Lord Murugan is the destroyer of evil, and the fountain of virtue, youth and power for Hindus.

The Thaipusam ceremonies start in the early hours of the morning, when a chariot carrying a statue of Lord Murugan leaves the Sri Maha Mariamman temple in Jalan Tun H.S. Lee for the Hindu Temple at Batu Caves.

This is the chariot containing Lord Muruga’s image, which is decorated with diamonds, rubies and other jewels, as it makes its way from the Sri Mahariaman Temple in Kuala Lumpur’s Chinatown, to the Batu Caves temple. Thaipusam celebrates the day Goddess Parvati bestowed upon her son the “vel” or lance to vanquish the evil demon, Soorapadam. This lance denotes spiritual insight, an ability to differentiate right from wrong, righteousness and steadfastness. However, for many Hindus, Thaipusam has come to mean the birthday of Lord Subramaniam, also known as lord Muruga, the younger son of Lord Shiva. Thaipusam falls on the 10th month of the Hindu calendar. It coincides with the full moon at the end of January and beginning of February. ‘Thai’ is the Hindu month which falls between January 15 to February 15 and ‘Pusam’ refers to a star which is at its brightest during the period of this festival. – Photo/text by Yusuf Hashim

The chariot is accompanied by thousands of devotees, with many carrying jars of milk as offerings to Murugan for answered prayers. Devotees also perform penance by carrying ornamental structures called kavadis, which are attached to their bodies by hooks or spikes that penetrate their flesh. The kavadis also contain two small pots of milk, which are used to bathe a statue of Lord Subramaniam at Batu Caves.

Along the route, coconuts are also smashed in the path of the Chariot of Lord Muruga, exposing the white kernal from the dirty brown exterior of the husk and shell, signifying the release of the purity within…

Devotees usually shave their heads, coat their bodies with holy ash, wear saffron robes, and they may insert metal skewers through their cheeks and tongues, and have hooks with weights penetrating the flesh on their backs.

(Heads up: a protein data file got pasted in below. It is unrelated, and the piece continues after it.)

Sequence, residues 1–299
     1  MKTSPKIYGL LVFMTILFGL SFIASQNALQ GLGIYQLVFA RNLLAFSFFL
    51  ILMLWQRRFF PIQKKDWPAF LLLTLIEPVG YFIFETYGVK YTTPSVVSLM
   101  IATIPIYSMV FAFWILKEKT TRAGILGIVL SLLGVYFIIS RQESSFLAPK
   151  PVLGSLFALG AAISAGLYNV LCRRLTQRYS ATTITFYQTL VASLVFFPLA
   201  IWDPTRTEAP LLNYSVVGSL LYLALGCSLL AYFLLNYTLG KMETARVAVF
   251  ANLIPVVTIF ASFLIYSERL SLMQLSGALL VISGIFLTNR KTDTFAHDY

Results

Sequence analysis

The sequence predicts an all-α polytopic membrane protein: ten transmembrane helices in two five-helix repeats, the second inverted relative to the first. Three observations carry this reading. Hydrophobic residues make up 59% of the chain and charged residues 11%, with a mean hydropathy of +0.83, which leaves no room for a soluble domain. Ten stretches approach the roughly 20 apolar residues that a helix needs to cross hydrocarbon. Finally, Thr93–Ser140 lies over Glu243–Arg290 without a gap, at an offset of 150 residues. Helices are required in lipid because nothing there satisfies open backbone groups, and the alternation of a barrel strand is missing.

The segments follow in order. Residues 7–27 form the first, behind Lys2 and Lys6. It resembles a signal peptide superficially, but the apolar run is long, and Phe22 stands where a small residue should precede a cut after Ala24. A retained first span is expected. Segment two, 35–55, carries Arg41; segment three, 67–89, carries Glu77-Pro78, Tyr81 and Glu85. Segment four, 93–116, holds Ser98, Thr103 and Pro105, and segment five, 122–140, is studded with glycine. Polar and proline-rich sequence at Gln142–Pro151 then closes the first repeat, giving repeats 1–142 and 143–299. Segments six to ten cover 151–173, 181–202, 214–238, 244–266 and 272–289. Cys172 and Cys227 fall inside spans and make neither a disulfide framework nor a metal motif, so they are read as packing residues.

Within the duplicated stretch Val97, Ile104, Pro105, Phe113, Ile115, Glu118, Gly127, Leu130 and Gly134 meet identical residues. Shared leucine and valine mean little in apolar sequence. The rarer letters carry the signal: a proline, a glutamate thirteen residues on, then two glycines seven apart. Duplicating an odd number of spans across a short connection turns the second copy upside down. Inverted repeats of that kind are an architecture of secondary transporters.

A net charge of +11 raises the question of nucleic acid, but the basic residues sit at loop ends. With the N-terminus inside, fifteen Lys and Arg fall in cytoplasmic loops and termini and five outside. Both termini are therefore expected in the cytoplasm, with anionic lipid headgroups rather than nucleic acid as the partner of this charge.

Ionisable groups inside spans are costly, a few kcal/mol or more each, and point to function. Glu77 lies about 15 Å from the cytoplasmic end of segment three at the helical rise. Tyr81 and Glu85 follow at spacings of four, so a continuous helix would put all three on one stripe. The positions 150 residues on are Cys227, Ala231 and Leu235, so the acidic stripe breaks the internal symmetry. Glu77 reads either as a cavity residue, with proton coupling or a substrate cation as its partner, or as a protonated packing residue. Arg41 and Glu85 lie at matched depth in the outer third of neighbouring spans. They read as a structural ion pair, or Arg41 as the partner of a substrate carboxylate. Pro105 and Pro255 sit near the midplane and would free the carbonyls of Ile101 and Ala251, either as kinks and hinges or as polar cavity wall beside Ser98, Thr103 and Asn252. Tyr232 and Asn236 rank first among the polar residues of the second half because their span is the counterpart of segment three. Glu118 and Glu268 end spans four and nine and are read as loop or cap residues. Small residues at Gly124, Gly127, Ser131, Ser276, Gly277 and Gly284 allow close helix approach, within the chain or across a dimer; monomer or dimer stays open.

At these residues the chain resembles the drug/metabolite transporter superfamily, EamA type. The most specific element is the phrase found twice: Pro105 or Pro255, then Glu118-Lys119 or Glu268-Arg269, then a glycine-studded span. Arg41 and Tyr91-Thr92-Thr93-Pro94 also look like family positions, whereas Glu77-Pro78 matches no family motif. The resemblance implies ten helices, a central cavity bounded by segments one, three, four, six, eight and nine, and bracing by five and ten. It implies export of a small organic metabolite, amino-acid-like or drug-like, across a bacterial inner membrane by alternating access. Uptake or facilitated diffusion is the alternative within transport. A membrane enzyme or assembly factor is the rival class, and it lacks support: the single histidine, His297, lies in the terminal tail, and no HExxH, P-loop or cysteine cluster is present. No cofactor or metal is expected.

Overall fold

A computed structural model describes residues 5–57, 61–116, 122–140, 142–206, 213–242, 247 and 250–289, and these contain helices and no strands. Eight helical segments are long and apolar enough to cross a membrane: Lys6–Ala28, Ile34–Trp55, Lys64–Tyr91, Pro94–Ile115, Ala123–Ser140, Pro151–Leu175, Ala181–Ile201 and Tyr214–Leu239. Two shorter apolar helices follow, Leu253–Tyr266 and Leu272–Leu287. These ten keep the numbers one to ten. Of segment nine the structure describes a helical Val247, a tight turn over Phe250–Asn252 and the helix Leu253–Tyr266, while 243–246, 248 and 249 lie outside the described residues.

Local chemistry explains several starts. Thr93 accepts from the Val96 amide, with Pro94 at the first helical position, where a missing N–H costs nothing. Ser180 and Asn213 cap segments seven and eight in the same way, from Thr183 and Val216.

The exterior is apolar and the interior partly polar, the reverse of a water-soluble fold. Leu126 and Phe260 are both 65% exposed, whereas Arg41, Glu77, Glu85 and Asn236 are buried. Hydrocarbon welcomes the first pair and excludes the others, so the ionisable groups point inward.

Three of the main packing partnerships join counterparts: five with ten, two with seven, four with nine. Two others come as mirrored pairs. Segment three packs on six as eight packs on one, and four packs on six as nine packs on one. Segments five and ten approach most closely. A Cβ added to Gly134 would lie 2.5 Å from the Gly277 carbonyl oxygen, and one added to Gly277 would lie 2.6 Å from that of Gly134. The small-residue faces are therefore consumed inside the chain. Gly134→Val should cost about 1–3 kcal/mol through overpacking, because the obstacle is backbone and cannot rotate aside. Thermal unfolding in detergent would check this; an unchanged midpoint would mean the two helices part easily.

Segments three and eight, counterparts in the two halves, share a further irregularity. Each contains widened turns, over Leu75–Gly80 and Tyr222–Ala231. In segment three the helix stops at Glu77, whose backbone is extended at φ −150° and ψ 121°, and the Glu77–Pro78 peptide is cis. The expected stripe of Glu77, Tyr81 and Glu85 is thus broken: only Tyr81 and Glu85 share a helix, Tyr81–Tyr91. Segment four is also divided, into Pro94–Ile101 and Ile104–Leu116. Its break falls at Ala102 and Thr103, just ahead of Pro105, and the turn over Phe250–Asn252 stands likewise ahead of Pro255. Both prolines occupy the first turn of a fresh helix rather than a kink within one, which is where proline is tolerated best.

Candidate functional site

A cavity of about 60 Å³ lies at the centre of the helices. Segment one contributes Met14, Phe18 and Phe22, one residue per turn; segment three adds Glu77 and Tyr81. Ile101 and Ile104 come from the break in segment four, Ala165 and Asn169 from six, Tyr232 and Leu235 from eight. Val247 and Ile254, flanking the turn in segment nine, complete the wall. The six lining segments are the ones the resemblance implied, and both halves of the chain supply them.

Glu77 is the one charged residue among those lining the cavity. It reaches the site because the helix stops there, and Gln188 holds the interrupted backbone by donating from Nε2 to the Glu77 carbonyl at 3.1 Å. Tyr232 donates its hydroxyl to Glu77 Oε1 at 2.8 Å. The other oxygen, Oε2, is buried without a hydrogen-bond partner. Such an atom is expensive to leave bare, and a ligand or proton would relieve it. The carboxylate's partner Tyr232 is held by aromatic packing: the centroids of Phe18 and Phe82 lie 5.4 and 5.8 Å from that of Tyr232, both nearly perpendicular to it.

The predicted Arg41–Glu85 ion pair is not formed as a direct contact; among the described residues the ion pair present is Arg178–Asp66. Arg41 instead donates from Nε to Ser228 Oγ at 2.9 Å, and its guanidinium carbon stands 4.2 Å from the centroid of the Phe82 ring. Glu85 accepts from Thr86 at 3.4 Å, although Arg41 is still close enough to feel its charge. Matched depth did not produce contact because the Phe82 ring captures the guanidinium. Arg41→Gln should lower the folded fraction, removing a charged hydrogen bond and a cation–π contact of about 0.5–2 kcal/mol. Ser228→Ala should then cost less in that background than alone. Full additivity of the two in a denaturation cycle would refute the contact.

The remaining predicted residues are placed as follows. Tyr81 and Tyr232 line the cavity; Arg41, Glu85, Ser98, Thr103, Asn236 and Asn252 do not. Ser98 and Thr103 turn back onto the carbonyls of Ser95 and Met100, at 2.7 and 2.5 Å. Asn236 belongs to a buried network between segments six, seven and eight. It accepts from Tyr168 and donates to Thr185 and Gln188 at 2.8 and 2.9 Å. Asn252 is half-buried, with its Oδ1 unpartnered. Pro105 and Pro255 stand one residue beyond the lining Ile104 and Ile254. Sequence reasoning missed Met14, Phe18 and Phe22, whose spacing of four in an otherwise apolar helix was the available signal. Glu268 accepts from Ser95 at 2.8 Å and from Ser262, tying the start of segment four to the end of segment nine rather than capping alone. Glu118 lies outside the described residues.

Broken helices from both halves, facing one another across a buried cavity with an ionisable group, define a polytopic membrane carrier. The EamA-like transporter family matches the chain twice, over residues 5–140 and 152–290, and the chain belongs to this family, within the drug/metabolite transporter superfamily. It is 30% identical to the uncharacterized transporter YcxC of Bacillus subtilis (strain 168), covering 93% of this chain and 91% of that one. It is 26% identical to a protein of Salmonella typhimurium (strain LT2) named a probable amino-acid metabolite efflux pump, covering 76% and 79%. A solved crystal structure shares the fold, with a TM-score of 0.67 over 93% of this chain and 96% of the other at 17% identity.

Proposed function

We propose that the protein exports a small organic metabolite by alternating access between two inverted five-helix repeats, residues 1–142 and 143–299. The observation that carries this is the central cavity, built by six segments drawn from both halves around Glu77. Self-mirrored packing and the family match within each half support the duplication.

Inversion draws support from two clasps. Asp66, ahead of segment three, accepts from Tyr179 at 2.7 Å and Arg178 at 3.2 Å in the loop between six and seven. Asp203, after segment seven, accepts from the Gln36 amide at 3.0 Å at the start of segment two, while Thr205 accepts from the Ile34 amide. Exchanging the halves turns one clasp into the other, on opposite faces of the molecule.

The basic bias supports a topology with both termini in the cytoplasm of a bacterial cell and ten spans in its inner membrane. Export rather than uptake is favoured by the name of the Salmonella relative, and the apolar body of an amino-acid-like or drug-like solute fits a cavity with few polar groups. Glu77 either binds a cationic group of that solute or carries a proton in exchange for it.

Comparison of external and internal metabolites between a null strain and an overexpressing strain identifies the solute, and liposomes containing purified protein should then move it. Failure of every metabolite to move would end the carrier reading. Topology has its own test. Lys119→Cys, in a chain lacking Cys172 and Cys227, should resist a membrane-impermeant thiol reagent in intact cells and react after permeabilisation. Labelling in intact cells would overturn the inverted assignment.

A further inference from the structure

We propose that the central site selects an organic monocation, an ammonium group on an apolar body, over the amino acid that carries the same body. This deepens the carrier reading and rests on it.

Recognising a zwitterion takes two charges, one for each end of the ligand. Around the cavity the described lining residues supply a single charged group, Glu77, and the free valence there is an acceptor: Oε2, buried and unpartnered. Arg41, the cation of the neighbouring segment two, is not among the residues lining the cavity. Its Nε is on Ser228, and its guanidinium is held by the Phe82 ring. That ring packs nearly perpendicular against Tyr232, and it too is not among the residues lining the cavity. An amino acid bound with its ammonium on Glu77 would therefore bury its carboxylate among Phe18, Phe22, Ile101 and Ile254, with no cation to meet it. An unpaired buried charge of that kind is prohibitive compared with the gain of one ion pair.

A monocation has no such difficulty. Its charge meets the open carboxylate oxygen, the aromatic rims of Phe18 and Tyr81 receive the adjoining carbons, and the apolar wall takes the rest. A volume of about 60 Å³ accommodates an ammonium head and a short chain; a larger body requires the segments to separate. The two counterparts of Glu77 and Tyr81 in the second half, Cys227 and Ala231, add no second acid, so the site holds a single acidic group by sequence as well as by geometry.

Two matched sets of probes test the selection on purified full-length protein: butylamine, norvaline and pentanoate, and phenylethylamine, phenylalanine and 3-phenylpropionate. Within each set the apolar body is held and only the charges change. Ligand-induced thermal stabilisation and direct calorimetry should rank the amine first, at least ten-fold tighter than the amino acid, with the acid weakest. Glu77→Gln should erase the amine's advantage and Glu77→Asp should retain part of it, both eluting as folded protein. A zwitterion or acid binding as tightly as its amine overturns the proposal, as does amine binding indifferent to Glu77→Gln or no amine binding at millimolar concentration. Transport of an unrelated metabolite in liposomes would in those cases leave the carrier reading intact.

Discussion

Thaipusam is an amazing festival and is yet another facet of multicultural Malaysia that you should not miss, and for which there should be a national holiday, as is already the case in several states. And Kedah should follow suit.

Malaysians are so blessed with so much cultural and religious diversity. Yet the Malay leadership will not appreciate this. For those who have never witnessed a Thaipusam Festival in Malaysia, I hope these photos will encourage foreigners to visit Malaysia during the annual Thaipusam celebrations which usually falls between January and February. If properly marketed by the Tourism Ministry, it could become a huge tourist draw. Unfortunately this year, the Covid pandemic has forced the cancellation the the public displays of thanksgiving to the Hindu Lord Murugan.

Which is why I am sharing my photos of Thaipusam shot from many years ago, to show Malaysian and Malay solidarity, to our fellow Malaysians of the Hindu faith. (Source: Yusuf Hashim Facebook page)

 

Yusuf Hashim, a retired oil & gas company executive, is a gypsetter at heart.

* This is the opinion of the writer, organisation or publication and does not necessarily represent the views of Asia Samachar.

 

RELATED STORY:

We don’t do kavadi. Period. (Asia Samachar, 4 Feb 2015)